Violent Video Games Alter Brain Function in Young Men


WhiteIndian's picture

I have a hypothesis that reading Ayn Rand novels and Objectivist/Libertarian Literature whereby one learns to deliberately suppress empathy and altruism has much the same effect as these violent video games upon the brain.

Psychopaths have much the same MRI results as observed in the article. Current science considers psychopathy an "organic" brain "malfunction," but I wonder how much of it is just an adaptation to the hyper-aggressive and violent nature of agricultural city-Statism, especially the intense industrial civilization that is destroying the home planet and human health and well-being (save for the few at the top of the hierarchy who benefit.)

AtlasAikido's picture

Monsters incubated and propagated by Govt have everything to do with the practice of altruism (sacrifice) and nothing to do with the man who neither sacrifices himself to others nor sacrifices others to himself. The anti-concept definition of selfish is accepted as its actual meaning. The idea of a truly selfish man is not part of our culture...

I don't hold Ayn Rand responsible for uncritical zombies--and certainly not sociopaths--nor those who will not help themselves and smoke cigarettes just because Rand smoked. Such have been with us a long time. And they will even join up and perhaps assimilate the unwary with package deals... so alien an idea in our culture that Rand dedicated an entire book to dissolving misconceptions about its meaning and extolling its virtues (The Virtue of Selfishness).

And while some are uncritical, more and more of her Objectivist-Anarchist-Agorist-Autodidact students have stood on Rand's, AND Mises and Thoreau's shoulders to make breakthrus based on their work...

Some Examples:
"Objectivist Resistance to Anarchy: A Problem of Concept Formation?” Column by new Root Striker Carrie Burdzinski.

Even though her description of Galt's Gulch is a functional anarchy (no rulers), Rand abhorred what she thought of as "anarchy" and she explicitly embraced the idea of minimal government. HOWEVER, as George H Smith points out "...Rand's principles, if consistently applied, lead necessarily to a repudiation of government on moral grounds".

Stephan Molyneux's Handbook to Statist.."In the interests of efficiency, I have decided to distill every argument I have ever had with your average statist, so that I can hand it out to *those who argue that government is voluntary*, if I don't like it I can leave, taxation is not violence, etc...

Morris and Linda Tannehill's "The Market for Liberty"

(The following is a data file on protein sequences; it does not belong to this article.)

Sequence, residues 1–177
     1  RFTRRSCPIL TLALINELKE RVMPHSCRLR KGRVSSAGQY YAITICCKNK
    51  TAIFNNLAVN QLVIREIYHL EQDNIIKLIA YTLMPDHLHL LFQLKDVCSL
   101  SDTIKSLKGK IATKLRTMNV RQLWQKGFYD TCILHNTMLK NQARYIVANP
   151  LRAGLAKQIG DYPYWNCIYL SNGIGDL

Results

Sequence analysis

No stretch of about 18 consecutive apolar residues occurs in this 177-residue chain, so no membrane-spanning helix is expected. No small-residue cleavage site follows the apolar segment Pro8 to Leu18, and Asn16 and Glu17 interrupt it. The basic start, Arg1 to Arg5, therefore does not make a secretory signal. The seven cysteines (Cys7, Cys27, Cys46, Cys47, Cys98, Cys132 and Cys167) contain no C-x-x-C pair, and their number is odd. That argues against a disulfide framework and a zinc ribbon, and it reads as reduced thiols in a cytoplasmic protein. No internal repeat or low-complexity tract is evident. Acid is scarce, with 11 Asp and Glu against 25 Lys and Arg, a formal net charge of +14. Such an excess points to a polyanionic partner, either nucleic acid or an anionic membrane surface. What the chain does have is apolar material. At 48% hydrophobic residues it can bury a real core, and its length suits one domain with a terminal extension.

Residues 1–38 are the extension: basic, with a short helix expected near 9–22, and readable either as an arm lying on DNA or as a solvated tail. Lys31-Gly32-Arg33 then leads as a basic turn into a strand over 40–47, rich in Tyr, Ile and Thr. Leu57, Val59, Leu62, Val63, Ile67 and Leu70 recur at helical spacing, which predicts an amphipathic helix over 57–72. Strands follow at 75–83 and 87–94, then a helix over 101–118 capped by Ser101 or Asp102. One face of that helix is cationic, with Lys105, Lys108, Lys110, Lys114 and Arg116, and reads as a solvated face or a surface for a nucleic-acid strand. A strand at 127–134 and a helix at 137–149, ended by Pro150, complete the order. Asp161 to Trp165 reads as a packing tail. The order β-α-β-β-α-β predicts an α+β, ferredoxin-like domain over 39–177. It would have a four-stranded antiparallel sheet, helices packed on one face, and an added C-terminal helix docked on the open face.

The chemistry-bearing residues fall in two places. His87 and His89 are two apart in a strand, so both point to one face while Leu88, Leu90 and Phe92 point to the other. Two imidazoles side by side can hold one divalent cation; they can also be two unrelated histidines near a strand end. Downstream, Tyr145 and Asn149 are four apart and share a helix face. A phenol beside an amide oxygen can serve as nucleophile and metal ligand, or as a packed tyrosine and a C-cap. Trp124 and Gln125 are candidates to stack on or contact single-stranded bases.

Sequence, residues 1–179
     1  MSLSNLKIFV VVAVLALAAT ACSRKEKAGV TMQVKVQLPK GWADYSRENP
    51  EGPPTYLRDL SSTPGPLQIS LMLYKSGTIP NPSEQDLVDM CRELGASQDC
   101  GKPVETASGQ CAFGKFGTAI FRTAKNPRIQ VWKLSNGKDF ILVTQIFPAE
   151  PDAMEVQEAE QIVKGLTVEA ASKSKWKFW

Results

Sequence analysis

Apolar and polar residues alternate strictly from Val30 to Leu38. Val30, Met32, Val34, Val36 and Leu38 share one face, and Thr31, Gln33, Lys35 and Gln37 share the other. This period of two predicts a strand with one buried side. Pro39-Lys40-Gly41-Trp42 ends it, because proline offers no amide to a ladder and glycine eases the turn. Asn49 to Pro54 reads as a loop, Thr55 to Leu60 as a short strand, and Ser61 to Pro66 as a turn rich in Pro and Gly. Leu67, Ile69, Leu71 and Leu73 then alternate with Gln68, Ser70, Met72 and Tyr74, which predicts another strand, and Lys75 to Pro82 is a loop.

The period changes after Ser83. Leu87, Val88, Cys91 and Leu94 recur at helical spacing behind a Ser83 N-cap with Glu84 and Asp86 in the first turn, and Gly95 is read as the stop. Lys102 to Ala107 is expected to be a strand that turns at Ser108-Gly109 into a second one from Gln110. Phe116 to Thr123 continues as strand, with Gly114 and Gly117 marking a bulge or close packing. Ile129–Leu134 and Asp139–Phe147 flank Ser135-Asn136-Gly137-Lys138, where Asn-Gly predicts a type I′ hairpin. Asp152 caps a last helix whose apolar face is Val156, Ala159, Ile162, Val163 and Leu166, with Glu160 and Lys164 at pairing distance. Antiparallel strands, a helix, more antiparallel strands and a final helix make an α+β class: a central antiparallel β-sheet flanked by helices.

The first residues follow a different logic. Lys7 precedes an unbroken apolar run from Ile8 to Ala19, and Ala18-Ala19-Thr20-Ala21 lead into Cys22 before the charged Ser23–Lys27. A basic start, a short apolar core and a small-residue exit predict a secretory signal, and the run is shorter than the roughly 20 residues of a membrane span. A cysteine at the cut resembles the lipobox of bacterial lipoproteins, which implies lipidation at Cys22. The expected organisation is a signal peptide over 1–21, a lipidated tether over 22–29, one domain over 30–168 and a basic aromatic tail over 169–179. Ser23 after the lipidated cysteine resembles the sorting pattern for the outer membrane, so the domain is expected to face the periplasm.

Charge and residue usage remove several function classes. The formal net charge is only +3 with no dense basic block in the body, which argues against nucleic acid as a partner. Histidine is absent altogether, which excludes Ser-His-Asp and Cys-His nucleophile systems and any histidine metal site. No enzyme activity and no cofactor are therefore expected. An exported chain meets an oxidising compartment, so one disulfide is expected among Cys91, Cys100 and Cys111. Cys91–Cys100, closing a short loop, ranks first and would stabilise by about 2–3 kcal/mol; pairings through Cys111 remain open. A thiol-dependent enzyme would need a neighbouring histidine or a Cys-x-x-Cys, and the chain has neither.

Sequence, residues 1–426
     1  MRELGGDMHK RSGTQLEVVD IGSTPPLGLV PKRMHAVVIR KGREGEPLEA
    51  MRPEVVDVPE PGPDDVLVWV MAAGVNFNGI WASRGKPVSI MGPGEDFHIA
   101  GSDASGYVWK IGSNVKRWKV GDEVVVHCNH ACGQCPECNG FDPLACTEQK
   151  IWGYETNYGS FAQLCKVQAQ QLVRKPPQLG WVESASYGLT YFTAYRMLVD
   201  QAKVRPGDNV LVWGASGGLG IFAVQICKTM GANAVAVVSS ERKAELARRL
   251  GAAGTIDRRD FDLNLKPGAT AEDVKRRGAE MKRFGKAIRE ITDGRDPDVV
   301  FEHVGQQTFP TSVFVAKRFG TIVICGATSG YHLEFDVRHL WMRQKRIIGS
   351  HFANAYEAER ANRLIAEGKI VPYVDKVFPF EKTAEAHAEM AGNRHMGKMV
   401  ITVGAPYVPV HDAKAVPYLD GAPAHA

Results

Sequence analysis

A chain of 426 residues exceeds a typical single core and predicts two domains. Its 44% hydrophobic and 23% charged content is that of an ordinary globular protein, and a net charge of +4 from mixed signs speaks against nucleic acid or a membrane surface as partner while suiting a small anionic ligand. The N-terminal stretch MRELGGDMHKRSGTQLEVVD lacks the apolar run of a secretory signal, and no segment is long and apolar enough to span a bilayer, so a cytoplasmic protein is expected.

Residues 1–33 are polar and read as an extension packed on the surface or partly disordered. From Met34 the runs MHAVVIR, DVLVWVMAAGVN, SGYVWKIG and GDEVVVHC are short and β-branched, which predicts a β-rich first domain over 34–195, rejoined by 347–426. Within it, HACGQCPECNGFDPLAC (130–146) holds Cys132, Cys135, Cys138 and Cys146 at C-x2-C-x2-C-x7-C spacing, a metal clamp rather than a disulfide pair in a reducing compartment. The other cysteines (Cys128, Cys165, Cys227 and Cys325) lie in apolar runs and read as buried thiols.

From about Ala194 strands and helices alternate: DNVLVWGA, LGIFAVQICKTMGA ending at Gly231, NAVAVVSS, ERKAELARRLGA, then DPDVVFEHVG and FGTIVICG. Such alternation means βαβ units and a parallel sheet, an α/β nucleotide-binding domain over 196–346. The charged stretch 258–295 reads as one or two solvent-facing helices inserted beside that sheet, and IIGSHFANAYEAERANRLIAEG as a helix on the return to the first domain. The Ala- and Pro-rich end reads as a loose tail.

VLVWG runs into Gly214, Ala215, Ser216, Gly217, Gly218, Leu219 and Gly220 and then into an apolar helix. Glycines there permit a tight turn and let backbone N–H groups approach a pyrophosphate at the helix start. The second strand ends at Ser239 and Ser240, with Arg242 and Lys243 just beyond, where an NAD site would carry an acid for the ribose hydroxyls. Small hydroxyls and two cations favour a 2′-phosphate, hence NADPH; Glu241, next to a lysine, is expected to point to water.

Book review--Freedom Naturally
Making it possible to see thru the political myths men have lived by since Neolithic times. Making it possible to understand that liberty is the mother of order not its daughter and that If revolution comes by violence and advance of light the struggle will have to be begun again.

Walter Block and Wendy McElroy at and

238. Lew Rockwell Attacked By a Parasite
On December 2, 2011, In Podcast, By admin
Standard Podcast
Ron Smith talks to Lew Rockwell until a federal employee intervenes.

Doug Casey--Fresh Starts

And of course myself....

WhiteIndian's picture

First, altruism isn't sacrifice, no matter how Rand twists words. Consult a dictionary. Then consult scholarly scientific research on altruism, especially related to evolutionary biology. (Yes, I know what Rand said; I've got her books, including "The Virtue of Selfishness," along with much of the rest of the libertarian canon in my library.)

Second, sacrifice (and cannibalism) is solely associated with domestication and agriculture (which resulted in city-Statism (civilization.)) Non-State egalitarian bands and tribal foragers, whom Ayn Rand and most other city-Statists denigrate, never practiced sacrifice.

That leaves Rand and company, promoting agricultural city-Statism (civilization) while attributing the sacrifice and cannibalism observed in agricultural hierarchies to primitive Non-State foraging tribes who never practiced it.*

"Check your premises." She would have done well to take her own advice. She got so much so wrong; empirical data debunks many of the false assumptions upon which objectivism, libertarianism, an-caps, agorists, etc. base their philosophy.


A couple good, and easily available-on-line references to back up my assertion, filled with scholarly references in which you can dig deeper, regarding sacrifice, cannibalism, and violence, and their rise with domestication, agriculture, and finally the agricultural city-state (civilization) is as follows:

Future Primitive
John Zerzan

The Thirty Theses
Jason Godesky

AtlasAikido's picture

Yes, it is frustrating that a good word like "no king" in Greek (an-archon) has been destroyed by past association with statist collectivism and initiatory force. And it is frustrating that a system of privately owned resources and free markets could be described by a word like capitalism, except for the long-standing association of that word with cronyism and fascism—the marriage of big government to big business. Nor is it pleasant to suppose that a system of putting people before power structures described by a word like socialism has been associated with statism and power structures to the detriment of people.

But why fret about some words? There are plenty of other words. Or you can invent a new one.

I like "indomitus" as a word for "not part of YOUR system." Or "not enslaved." It is Latin for "savage" but it carries these other meanings. And we can make it mean what we want to.---I like the word "agorism" because it comes with 95 theses, it has a nice ring to it, it hasn't been connected to statism or initiatory force, and it seems like our best path forward.-----Whatever you choose to do, worrying about what labels are used to describe what you do seems like the last thing to do. In general, worry is a wasted emotion.

But this sort of fixation on words is a sort of idolatry. As if getting just the right words were going to fix everything. They won't. The good news is, we don't have to treat words as though they were a scarce world resource. They aren't. New words are invented every day.

State socialism is evil whether you call it capitalism or socialism. Statism is evil whether you identify it with the right or the left. Anarchy is almost certainly a botched word because of its association with chaos and bomb throwing. Socialism is almost certainly a botched word because of its association with state ownership of everything. Capitalism is almost certainly a botched word because of its association with cronyism and fascism.